Why Going to the Movies Alone is a Lost Art

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I used to be afraid of going to the movies alone.

Okay, maybe not afraid. More "weirded out" would be the right term. For my whole life, I've loved film; it's my passion. But it wasn't until last December that I went alone for the first time to see the spectacular The Disaster Artist in a full theater. Needless to say, it was probably one of the best movie-going experiences of my life thus far. So why is it that we don't normally go to the movies alone? Obviously, there is the sociological aspect (or fear of being seen alone), but I've noticed there's more to this paradox than meets the eye...

 

People don't want to critically evaluate others' ideas and world-views.

This is a bold statement, but for a long time now, many people have thought of film as just mere entertainment. It's not. It is a vibrant platform for philosophy. Film (for the most part) represents world-views from all walks of life. It is an excellent portrayal of the human experience; even down to certain aspect ratios and 24fps (the way the human eye actually perceives reality). It really only becomes mere entertainment when it becomes mindless: the way most people like it. 

I recently watched a film by Brett Hayley entitled The Hero. In this film, Sam Elliot plays Lee, a dying, washed up Hollywood western star. In one scene, Lee is about to tell his friend Jeremy about a dream he had, until Jeremy shuts him down. He says, "It just doesn't interest me, man. Think about it. I mean, it's your dream." Lee's bushy mustache frowns at him until he says, "So what about movies? Do they interest you?" Jeremy immediately says, "Yeah, I love movies." And without a moment of hesitation, Lee says, "Movies are other people's dreams." Lee's friend, Jeremy, represents the vast majority of consumers; they are exactly that...they consume movies. I'm convinced that if a project has more producers, a bigger studio, and even a higher budget, it all contributes to less authenticity and more creative disability. The original concept dilutes to the producers'/studio's less-involved opinions and decisions.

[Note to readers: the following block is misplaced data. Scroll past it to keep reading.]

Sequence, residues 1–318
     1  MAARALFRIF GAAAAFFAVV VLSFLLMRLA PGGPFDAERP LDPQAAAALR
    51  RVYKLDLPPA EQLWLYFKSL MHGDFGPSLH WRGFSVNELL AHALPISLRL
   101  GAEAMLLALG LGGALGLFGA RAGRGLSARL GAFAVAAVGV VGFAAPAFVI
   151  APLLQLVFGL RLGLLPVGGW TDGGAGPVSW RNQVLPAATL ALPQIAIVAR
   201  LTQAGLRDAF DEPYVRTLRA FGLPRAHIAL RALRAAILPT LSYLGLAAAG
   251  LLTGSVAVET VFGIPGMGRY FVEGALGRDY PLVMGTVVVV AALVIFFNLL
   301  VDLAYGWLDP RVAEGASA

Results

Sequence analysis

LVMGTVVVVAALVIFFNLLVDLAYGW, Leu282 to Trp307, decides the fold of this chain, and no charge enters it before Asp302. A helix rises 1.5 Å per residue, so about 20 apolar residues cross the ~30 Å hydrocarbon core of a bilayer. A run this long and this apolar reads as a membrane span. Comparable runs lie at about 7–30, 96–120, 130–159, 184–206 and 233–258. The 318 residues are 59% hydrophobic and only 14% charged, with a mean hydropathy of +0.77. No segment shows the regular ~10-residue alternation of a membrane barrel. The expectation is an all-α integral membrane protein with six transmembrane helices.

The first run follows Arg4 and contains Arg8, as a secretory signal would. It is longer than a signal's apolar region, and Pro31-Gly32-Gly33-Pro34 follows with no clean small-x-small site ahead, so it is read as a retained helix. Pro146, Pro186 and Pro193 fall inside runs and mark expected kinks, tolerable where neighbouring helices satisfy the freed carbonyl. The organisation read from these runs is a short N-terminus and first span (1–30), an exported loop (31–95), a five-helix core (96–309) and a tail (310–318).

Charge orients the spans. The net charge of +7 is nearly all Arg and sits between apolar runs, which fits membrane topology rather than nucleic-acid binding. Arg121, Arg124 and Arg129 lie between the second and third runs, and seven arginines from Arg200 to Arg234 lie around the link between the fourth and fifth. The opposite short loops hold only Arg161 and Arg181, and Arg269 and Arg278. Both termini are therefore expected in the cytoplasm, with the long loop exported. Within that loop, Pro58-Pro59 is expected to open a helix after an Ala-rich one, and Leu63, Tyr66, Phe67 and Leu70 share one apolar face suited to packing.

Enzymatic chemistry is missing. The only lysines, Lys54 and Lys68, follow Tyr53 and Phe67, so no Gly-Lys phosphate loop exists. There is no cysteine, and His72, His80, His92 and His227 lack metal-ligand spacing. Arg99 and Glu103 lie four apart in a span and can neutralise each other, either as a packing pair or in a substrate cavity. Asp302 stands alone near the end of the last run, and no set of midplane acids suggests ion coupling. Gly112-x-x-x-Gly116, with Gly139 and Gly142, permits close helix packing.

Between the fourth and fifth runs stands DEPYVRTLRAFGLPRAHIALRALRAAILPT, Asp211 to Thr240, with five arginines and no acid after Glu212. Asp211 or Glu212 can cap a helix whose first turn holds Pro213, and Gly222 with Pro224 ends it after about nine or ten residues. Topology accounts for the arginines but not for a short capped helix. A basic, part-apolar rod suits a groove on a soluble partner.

Movies are other people’s dreams
— Lee Hayden, The Hero (2017)

So how does this relate to the topic at hand? Many people don't want to critically evaluate others' stories, ideas, and world-views. They want to be presented with a straightforward, easy-to-swallow story that meets their expectations with plenty of clichés and a blissful ending. If you watch a limited release indie film, that is beloved by critics, (i.e. this year's You Were Never Really Here or First Reformed), I can promise you will be very uncomfortable by the slow pacing, and the haunting atmosphere of the films. But in the end, your jaw will be dropped and you will be left with some tough themes to analyze for yourself. 

 

When You Get Out of The Theater.

Let's say you go to see a movie with a group of friends. The movie ends. The credits roll. And now you're walking out to the parking lot. You are all talking about the movie; some of your friends liked it, you personally hated it, and everybody is chit-chattering about their opinions.

Now picture yourself at the movie alone. You exit the theater. You use the restroom (because let's be honest, who doesn't need to use the restroom at the end of a movie). Then you walk out to the parking lot, and now you're sitting in your car...in complete silence. It's just you and your raw thoughts that begin bubbling to the surface.  Nothing to influence or distract you from your original reaction.

 

I Dare You.

Go to the movies alone. Take your mind on a date. See a limited release or an indie film that you wouldn't normally see.

Take your mind on a date.

We are all lonely sometimes. But I've realized that going to the movies alone is not a lonely experience. Watching other people's dreams is hardly a lonely experience. It's an intimate experience. And that's what makes your seemingly lonesome trip to the movie theater worth it.